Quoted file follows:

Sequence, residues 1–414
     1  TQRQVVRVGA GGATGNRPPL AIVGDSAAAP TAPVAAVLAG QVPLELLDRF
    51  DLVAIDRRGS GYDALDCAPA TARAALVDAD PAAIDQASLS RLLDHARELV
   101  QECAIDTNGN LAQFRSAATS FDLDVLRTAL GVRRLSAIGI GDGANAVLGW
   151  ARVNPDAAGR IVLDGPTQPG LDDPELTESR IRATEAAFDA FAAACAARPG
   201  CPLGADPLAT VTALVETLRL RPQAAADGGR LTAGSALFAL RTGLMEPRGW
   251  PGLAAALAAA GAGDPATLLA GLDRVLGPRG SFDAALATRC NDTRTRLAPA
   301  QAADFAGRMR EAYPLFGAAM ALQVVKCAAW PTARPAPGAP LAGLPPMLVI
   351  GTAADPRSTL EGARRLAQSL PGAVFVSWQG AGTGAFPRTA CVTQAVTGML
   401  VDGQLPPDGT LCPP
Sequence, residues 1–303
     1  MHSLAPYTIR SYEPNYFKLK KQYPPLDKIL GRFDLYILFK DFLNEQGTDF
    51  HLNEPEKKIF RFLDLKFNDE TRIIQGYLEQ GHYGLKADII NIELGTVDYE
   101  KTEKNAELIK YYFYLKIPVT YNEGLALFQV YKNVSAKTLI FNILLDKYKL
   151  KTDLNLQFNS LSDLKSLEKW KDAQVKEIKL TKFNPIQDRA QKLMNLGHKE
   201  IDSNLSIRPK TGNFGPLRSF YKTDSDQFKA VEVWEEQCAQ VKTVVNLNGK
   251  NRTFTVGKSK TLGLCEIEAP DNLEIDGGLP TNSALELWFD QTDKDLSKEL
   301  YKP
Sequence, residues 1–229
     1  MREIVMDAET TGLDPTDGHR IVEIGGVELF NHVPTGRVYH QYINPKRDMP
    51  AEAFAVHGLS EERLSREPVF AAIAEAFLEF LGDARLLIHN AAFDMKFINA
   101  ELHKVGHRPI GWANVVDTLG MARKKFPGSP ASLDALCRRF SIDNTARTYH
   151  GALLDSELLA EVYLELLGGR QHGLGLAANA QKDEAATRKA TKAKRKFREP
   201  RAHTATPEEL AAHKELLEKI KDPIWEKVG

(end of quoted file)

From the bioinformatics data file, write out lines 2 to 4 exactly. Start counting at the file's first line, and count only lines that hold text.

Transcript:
     1  TQRQVVRVGA GGATGNRPPL AIVGDSAAAP TAPVAAVLAG QVPLELLDRF
    51  DLVAIDRRGS GYDALDCAPA TARAALVDAD PAAIDQASLS RLLDHARELV
   101  QECAIDTNGN LAQFRSAATS FDLDVLRTAL GVRRLSAIGI GDGANAVLGW